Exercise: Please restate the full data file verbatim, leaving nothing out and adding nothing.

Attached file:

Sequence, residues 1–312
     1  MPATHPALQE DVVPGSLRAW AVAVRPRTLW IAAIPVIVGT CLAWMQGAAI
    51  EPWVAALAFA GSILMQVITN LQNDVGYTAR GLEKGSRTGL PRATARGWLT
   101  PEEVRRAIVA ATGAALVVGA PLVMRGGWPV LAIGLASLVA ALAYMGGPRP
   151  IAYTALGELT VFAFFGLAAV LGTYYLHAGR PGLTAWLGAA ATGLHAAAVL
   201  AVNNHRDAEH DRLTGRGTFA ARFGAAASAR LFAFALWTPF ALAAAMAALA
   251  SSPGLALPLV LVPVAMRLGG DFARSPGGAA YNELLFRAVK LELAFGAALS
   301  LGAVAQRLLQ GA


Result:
Sequence, residues 1–312
     1  MPATHPALQE DVVPGSLRAW AVAVRPRTLW IAAIPVIVGT CLAWMQGAAI
    51  EPWVAALAFA GSILMQVITN LQNDVGYTAR GLEKGSRTGL PRATARGWLT
   101  PEEVRRAIVA ATGAALVVGA PLVMRGGWPV LAIGLASLVA ALAYMGGPRP
   151  IAYTALGELT VFAFFGLAAV LGTYYLHAGR PGLTAWLGAA ATGLHAAAVL
   201  AVNNHRDAEH DRLTGRGTFA ARFGAAASAR LFAFALWTPF ALAAAMAALA
   251  SSPGLALPLV LVPVAMRLGG DFARSPGGAA YNELLFRAVK LELAFGAALS
   301  LGAVAQRLLQ GA